Transforming Energy Management: Trusts taking the lead on carbon reduction.
As part of our COVID-19 resilience and recovery planning it is important to give consideration to the other global threat we face, that of the climate emergency and to give thought to how we can take a lead in reducing carbon emissions and transform the way schools use and manage energy. With this in mind, we share the following article with expert advice that can guide and inform school trusts’ thinking in relation to this.
Everybody wants to see action on climate change and improvements to the life chances of young people. The education sector is in a unique position to benefit from the energy savings and income-generating opportunities afforded by effective energy management strategies and some of the country’s largest trusts are leading the way.
Since 2016 there have been seismic changes in how climate challenges are viewed in the media and by the students within our schools. This has, in part, been driven by Sir David Attenborough’s Blue Planet programmes, Greta Thunberg’s Youth Strike for Climate Change and the Extinction Rebellion protests.
The ‘legally binding’ targets set through the UK Climate Change Act 2008 aimed to reduce carbon emissions by at least 80% by 2050 against the 1990 baseline, however in June 2019 the government set new targets requiring the UK to bring down greenhouse gas emissions to net zero by 2050.
Where are we now?
In 2017 the Department for Business, Energy and Industrial Strategy (BEIS) stated that schools used around 13 terawatts of electricity and generated over 4.6 million tonnes of carbon. An average secondary school produces between 150 and 300 tonnes of carbon per annum and a typical primary between 20 and 50 tonnes.
Utilities costs typically make up 2% of a school’s budget. With energy prices projected to rise annually by anything between 3-7% over the next 25 years, there is both an opportunity and an obligation on those managing trusts to implement strategies to save money and to reduce their organisation’s exposure to the future energy market.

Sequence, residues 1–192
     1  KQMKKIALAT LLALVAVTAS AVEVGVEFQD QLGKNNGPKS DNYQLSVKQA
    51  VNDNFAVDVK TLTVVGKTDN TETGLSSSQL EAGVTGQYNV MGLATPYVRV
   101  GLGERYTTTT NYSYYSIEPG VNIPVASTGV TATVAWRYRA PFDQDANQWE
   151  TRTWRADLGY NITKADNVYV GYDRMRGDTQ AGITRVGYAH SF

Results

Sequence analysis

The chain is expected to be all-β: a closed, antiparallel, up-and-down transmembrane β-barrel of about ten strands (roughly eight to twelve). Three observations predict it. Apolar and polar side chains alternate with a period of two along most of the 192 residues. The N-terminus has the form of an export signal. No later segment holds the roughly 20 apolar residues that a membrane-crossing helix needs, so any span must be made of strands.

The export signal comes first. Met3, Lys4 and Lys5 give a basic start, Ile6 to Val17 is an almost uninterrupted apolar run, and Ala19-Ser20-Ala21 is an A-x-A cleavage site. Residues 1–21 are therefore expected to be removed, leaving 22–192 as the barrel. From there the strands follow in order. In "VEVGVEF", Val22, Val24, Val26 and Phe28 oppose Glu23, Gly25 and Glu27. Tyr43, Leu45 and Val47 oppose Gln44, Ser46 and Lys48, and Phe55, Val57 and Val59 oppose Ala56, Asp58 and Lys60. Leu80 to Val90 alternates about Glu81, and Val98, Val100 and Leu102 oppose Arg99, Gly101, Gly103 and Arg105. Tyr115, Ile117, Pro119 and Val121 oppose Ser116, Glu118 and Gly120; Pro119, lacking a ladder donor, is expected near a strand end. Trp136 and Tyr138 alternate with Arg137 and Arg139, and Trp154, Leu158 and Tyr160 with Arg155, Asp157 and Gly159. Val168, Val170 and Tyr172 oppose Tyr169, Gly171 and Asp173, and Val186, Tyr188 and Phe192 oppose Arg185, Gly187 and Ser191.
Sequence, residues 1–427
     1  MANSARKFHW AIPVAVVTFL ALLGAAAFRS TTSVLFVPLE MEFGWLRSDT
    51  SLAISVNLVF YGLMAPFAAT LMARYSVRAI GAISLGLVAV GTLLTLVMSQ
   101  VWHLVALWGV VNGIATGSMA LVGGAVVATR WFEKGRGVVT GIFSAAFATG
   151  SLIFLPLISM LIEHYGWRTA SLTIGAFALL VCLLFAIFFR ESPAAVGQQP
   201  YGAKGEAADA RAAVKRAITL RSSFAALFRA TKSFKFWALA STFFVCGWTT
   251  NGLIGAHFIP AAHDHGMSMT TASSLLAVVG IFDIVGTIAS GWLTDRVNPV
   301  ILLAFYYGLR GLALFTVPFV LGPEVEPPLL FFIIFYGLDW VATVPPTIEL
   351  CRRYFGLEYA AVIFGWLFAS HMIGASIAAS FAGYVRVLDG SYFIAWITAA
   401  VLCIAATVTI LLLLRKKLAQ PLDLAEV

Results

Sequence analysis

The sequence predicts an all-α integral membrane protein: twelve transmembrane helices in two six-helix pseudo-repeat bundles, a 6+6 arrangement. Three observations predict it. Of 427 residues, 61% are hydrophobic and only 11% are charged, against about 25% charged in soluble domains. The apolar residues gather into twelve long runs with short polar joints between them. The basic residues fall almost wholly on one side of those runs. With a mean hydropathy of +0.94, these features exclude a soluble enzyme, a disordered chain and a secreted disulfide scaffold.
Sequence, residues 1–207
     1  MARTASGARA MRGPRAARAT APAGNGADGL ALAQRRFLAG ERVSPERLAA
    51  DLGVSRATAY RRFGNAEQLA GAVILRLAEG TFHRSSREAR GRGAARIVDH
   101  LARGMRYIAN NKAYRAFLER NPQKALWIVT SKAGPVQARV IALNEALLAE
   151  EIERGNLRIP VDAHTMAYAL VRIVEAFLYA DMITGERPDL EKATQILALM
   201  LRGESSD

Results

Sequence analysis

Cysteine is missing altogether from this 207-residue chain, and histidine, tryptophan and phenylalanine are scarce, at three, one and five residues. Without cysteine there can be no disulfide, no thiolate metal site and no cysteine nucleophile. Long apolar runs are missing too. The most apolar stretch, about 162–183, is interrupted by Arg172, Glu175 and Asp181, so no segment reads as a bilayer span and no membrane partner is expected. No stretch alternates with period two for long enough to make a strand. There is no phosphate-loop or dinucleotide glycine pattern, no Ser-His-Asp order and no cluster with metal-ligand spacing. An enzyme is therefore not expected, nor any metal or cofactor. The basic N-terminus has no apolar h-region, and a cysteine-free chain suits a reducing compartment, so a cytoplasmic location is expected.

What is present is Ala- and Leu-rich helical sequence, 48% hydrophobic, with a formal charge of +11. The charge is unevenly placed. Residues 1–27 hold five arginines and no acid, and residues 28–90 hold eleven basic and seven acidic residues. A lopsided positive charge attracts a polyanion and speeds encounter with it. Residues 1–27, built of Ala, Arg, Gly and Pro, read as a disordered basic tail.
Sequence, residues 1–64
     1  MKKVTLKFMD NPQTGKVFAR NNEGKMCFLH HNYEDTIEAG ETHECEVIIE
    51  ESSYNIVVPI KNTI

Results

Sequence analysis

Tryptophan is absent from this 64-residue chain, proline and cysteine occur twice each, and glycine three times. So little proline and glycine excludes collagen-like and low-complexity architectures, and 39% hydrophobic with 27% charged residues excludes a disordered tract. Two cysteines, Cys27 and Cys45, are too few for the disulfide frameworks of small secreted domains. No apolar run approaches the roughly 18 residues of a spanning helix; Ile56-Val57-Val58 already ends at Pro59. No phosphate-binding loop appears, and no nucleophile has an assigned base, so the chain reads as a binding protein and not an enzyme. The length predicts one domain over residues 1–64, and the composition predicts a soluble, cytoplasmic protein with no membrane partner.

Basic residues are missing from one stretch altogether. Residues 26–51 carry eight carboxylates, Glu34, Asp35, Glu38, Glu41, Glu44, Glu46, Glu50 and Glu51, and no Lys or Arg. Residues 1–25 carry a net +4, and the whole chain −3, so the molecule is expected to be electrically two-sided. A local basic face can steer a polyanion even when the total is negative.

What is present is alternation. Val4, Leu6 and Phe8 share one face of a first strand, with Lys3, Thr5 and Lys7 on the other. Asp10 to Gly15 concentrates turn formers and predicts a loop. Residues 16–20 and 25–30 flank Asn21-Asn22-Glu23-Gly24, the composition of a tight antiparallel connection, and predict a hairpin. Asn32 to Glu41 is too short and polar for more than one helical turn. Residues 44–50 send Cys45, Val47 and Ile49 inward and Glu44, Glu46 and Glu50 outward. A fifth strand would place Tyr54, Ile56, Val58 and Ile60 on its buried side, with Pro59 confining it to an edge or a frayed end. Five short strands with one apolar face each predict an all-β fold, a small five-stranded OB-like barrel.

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There are three main areas where organisations can implement changes to have a positive effect on both carbon emissions and finances.
1. Maximise buying power:
The first step in reviewing a trust’s energy procurement strategy is harmonising existing contracts, removing penalty clauses on consumption and obtaining greater access to data. Using a specialist energy procurement company can simplify this process and enable the trust to engage with the energy market in a co-ordinated way to achieve best value.
At a more technical level, specialist companies such as Ginger Energy can help establish an Available Supply Capacity (ASC) that is appropriate for each site and will ensure you are on the correct tariff. Set an ASC too low for your needs and you will be faced with excess capacity charges. Set the ASC too high and you will be paying for more capacity than you actually use.